by Nancy Penrose
Pruning is the removal of diseased, damaged and dead tree wood. It is an important part of big tree maintenance. When done at the right time and with the right cuts, it can improve the tree’s root system and energy reserves. Pruning will also help your tree produce an abundance of new growth, including more fruits and flowers. Another benefit of pruning is that it keeps pests away and prevents tree disease.
Getting rid of dead wood can be done at any time. However, for most big trees, the best time to prune is late winter, when the coldest part of the season has passed. Pruning is easier in the winter when the tree goes dormant and the leafless branches can be seen more clearly.
Some big trees, like fall birches, dogwoods, elms, and maple tree varieties can also be pruned in the spring or summer. Try to avoid pruning in the fall when the wounds from cuts heal slower. When you prune during the summer, it is easier to see limbs that are carrying too much weight from leaves.
There are three basic types of pruning: raising and reduction, thinning and topping
Raising and reduction is used to create more clearance for utility lines, pedestrian walkways, vehicles and buildings. Reduction is the process of reducing the size of the tree. Raising refers to the removal of the tree’s lower branches.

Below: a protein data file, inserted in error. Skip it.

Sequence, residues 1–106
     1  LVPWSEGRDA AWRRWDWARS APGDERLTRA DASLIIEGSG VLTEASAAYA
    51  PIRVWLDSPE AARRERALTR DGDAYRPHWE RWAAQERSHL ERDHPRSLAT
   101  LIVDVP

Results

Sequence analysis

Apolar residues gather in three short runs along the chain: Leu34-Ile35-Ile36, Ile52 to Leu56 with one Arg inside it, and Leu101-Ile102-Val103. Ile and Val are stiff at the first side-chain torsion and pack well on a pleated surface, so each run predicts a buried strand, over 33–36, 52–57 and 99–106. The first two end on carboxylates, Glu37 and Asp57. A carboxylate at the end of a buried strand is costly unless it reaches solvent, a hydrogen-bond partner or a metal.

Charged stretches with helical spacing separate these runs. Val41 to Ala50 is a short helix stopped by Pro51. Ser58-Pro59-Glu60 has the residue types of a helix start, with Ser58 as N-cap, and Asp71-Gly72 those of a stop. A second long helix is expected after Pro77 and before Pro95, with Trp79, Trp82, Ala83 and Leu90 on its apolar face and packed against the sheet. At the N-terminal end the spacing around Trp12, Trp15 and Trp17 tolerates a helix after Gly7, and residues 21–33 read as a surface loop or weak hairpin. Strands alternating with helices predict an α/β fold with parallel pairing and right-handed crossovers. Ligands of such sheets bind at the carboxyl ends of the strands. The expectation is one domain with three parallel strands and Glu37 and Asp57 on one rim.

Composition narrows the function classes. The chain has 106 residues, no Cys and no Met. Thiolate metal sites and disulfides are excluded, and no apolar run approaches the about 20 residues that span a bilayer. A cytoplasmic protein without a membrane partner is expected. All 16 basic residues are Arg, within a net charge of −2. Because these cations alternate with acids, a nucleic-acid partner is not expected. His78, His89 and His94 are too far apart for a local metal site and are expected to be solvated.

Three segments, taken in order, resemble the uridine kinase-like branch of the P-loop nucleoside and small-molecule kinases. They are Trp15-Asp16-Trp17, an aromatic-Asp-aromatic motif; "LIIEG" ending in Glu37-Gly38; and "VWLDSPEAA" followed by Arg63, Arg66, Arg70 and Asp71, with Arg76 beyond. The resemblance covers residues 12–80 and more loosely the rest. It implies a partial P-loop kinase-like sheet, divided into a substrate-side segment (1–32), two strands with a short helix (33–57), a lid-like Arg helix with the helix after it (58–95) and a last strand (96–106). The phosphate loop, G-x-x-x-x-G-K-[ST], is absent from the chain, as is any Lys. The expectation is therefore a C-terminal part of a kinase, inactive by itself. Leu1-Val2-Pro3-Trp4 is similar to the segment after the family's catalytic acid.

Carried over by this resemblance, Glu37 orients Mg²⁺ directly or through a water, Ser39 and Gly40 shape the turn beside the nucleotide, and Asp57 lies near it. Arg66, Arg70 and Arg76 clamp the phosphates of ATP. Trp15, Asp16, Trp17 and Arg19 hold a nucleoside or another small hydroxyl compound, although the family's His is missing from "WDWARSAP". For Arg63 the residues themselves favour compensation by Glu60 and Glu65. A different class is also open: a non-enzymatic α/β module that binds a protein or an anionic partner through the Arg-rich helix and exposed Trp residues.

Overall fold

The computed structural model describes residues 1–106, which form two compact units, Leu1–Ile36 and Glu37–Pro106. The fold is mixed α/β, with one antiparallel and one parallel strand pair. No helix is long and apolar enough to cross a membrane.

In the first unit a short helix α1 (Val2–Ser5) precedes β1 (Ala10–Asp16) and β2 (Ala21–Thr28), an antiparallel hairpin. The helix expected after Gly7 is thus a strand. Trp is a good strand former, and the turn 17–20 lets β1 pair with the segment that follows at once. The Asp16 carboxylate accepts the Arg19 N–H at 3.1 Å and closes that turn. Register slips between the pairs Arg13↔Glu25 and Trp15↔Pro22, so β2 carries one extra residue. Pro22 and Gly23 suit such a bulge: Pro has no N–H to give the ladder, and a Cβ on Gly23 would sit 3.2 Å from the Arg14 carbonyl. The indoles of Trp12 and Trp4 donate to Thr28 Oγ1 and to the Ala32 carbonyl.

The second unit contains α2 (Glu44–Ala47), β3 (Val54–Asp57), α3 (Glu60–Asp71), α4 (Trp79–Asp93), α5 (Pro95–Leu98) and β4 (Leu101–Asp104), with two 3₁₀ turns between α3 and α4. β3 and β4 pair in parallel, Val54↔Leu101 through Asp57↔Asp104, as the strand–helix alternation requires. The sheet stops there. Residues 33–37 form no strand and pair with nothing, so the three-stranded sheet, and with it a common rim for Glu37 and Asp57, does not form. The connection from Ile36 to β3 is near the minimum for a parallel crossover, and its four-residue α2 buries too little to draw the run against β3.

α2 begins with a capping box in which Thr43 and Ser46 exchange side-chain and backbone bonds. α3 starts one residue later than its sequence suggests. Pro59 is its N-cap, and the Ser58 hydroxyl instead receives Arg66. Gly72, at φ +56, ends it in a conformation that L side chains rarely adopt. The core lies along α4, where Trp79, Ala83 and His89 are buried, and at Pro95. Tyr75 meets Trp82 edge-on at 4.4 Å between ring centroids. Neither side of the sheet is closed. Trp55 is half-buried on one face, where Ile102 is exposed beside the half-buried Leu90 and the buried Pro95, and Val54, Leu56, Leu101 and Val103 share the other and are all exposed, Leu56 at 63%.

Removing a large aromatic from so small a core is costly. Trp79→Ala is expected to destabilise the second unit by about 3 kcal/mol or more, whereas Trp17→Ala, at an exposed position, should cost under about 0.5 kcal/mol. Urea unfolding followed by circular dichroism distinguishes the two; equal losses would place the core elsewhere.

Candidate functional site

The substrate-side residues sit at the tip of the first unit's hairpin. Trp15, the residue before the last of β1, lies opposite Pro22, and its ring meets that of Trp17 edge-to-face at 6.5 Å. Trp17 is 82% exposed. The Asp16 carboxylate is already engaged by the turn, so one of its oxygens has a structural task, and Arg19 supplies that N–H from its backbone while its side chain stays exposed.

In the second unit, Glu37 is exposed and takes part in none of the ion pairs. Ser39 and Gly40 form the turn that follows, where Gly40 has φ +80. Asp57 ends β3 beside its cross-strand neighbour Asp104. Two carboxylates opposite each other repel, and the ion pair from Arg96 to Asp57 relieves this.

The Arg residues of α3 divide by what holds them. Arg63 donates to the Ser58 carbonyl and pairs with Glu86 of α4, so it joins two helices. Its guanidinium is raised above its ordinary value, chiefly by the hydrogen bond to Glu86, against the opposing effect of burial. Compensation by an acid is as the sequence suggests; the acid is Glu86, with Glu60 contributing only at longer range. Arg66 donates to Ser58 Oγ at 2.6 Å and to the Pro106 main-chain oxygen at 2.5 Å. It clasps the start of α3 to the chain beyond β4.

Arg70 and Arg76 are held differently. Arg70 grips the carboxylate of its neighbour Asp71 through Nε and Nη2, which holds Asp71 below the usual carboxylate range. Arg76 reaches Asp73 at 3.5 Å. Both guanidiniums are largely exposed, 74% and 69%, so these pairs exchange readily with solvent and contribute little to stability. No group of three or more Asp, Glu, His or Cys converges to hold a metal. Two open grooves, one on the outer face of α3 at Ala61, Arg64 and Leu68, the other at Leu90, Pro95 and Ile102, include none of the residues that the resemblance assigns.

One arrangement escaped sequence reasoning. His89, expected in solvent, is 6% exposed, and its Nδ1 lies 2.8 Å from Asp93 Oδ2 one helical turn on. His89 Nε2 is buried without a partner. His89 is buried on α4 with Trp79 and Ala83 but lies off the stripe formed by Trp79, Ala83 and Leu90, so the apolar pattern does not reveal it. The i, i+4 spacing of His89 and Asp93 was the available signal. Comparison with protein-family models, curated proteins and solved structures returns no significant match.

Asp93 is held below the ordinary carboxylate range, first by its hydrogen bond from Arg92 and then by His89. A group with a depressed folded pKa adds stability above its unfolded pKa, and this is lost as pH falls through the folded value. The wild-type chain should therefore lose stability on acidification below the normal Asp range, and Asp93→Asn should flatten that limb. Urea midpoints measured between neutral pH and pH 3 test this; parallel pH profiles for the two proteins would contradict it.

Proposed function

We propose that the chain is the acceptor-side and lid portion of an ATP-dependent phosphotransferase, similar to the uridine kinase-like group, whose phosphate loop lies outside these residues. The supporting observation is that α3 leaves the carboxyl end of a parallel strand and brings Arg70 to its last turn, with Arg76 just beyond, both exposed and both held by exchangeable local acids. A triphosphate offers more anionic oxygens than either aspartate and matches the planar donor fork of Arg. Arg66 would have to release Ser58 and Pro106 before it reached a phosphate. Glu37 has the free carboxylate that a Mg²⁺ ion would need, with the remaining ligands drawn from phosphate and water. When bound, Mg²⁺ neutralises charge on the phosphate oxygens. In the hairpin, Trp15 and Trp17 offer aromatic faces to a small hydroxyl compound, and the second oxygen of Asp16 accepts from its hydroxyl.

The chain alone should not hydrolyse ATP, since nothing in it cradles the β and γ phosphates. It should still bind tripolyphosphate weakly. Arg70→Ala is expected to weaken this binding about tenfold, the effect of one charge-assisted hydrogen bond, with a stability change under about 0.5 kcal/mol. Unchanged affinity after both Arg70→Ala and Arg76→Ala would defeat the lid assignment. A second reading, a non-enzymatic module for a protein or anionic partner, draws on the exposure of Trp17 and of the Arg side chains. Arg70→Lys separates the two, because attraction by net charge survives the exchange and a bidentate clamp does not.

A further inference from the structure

Thinning a big tree involves the removal of limbs and branches where they join the tree. It can help promote new growth, and increase fruit and flower production. Topping is the removal of all branches down to the tree’s largest branches. Both thinning and topping are considered more aggressive types of pruning.
Before you start pruning, you should also know that tree branches join together in one of three different ways: collar, collarless or codominant. Each has a different type of pruning method that helps prevent regrowth and decay.
A collar is a swollen area surrounding the location where a branch attaches to the trunk. Branches can also be attached to the trunk without a collar (collarless). Never cut off a collar when pruning a big tree. Codominant refers to stems that grow from the same place and have the same diameter.
Major structural pruning should be done when the tree is young, the cuts are smaller and it is easier for the tree to recover from the wounds.
The general pruning starts with a top to bottom inspection of the tree. Any dead or dying branches should be removed, along with diseased limbs.
Make sure you cut the branches at an angle that mirrors the branch collar. Also remember to cut the branch in three parts. The first cut is to reduce the weight. The second cut is to prevent bark from ripping when the stub falls. The final cut is next to the branch collar.
You can get great advice on pruning big trees from a big tree expert or tree nurserys specialist. A tree nursery (Seattle) who is selling big trees will know the best way to prune your tree and can help you avoid mistakes that may cause permanent damage.
Nancy Penrose is owner of Big Trees Inc. (http://www.bigtreesupply.com), tree nursery Snohomish, WA, one of the largest Seattle tree nurseries (see inventory at http://bigtreesupply.com/sales-inventory/), specializing in tree transplanting. See our video at https://www.youtube.com/watch?v=zpactBDUPmQ